With conventional dietary treatment, the clinical course of methylmalonic acidemia due to cobalamin-unresponsive methylmalonyl-CoA mutase (MCM) deficiency is characterized by the persistent risk of recurrent life-threatening decompensation episodes with metabolic acidosis, hyperammonemia, and coma. Liver transplant has been proposed as an alternative treatment and anecdotally attempted in the last 2 decades with inconsistent results. Most criticisms of this approach have been directed at the continuing risk of neurologic and renal damage after transplant. Here, we report the perioperative and postoperative clinical and biochemical outcomes of 2 patients with severe MCM deficiency who underwent early liver transplant. In both cases, liver transplant allowed prevention of decompensation episodes, normalization of dietary protein intake, and a marked improvement of quality of life. No serious complications have been observed at 12 years' and 2 years' follow-up, respectively, except for mild kidney function impairment in the older patient. On the basis of our experience, we strongly suggest that liver transplant should be offered as a therapeutic option for children with cobalamin-unresponsive MCM deficiency at an early stage of the disease.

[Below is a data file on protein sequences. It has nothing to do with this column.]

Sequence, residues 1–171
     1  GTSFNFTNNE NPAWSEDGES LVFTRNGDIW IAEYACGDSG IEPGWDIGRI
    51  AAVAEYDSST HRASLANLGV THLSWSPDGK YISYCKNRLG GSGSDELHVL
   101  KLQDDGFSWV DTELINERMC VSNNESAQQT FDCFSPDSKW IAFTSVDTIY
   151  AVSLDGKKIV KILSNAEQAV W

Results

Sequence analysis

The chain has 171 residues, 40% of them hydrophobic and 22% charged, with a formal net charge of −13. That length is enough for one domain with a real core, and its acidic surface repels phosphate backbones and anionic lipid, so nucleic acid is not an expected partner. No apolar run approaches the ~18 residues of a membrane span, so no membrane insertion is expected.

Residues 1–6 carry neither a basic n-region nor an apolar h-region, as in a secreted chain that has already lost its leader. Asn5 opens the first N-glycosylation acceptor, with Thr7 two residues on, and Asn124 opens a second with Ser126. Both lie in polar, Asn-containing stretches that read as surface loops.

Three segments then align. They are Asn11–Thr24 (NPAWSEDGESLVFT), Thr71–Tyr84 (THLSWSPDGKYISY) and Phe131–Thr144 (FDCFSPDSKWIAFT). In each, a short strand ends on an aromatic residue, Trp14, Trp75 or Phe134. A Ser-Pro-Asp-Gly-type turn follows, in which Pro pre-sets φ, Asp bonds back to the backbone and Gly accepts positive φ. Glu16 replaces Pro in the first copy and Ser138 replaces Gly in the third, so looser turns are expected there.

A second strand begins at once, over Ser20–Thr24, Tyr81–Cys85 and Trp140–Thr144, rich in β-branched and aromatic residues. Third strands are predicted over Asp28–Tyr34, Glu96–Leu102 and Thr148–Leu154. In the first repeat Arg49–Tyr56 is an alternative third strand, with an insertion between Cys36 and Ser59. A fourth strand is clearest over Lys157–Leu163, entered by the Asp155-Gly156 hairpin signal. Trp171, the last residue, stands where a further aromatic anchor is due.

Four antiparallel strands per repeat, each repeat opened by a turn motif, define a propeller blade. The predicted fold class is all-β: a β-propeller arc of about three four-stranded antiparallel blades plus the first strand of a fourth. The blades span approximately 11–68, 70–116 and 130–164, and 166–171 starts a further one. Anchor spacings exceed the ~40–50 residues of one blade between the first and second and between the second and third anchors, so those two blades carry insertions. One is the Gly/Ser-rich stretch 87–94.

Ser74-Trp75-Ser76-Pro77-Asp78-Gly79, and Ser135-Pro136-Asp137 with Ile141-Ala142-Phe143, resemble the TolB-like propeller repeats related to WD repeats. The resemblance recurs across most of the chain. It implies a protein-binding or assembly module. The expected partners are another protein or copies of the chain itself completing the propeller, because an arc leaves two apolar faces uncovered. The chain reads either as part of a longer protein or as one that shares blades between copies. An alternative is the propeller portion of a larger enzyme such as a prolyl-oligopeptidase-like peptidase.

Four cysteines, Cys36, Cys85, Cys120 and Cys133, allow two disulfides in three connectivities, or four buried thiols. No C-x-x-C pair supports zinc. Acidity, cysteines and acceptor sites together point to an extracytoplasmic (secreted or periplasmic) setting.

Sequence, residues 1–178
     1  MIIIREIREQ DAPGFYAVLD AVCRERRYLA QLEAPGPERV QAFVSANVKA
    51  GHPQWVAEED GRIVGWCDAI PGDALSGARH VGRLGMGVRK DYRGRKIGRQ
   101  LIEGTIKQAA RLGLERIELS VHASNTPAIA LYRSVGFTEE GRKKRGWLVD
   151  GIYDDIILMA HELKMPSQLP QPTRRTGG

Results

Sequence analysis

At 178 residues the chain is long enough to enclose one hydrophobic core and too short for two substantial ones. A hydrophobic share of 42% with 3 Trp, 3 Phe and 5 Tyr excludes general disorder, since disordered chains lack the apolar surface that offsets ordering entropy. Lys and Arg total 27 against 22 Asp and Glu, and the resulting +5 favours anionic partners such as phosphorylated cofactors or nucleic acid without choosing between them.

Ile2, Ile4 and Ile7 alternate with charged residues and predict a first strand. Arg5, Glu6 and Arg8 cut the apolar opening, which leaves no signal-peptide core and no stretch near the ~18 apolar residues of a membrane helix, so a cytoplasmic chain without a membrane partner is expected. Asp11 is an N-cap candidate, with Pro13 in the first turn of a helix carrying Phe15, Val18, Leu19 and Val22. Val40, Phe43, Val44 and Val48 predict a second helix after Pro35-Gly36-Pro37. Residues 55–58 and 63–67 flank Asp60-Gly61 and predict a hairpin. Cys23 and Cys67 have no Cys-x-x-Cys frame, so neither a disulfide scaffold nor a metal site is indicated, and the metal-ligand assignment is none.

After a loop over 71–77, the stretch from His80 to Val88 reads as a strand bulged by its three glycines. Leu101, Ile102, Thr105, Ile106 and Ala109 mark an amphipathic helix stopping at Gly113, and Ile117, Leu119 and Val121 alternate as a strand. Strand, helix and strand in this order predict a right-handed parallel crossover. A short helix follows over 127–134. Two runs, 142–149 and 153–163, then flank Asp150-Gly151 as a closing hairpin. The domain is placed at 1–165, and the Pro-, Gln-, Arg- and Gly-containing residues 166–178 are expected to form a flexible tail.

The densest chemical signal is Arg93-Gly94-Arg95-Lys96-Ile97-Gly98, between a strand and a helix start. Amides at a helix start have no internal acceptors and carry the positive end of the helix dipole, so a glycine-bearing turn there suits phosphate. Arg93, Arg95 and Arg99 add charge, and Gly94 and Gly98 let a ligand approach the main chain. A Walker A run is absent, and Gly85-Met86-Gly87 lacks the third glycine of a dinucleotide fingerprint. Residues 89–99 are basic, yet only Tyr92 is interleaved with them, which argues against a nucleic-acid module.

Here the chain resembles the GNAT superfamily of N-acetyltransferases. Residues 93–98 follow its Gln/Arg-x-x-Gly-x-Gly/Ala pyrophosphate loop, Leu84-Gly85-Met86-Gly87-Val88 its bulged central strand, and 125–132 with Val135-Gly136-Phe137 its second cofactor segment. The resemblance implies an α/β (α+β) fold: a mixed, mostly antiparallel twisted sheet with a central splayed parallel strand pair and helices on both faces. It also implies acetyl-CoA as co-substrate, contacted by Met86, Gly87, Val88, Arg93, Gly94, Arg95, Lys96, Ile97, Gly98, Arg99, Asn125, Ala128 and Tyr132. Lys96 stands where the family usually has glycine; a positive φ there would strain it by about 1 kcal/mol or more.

ASJC Scopus subject areas
- Pediatrics, Perinatology, and Child Health